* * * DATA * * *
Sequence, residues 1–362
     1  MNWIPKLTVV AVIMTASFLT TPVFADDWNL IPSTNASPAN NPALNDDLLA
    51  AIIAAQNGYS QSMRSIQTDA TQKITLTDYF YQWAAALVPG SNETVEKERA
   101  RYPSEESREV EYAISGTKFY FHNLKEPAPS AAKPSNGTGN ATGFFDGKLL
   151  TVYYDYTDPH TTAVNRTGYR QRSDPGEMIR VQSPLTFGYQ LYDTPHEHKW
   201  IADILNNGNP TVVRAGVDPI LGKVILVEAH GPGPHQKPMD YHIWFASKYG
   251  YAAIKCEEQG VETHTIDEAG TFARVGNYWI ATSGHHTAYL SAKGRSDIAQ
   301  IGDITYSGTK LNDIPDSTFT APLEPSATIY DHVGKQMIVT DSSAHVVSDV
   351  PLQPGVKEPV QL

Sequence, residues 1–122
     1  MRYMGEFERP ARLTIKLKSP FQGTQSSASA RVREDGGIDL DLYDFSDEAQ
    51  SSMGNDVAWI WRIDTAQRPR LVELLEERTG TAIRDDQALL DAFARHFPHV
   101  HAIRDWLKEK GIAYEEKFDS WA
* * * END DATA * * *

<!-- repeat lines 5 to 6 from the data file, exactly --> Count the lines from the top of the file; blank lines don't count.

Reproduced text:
   151  TVYYDYTDPH TTAVNRTGYR QRSDPGEMIR VQSPLTFGYQ LYDTPHEHKW
   201  IADILNNGNP TVVRAGVDPI LGKVILVEAH GPGPHQKPMD YHIWFASKYG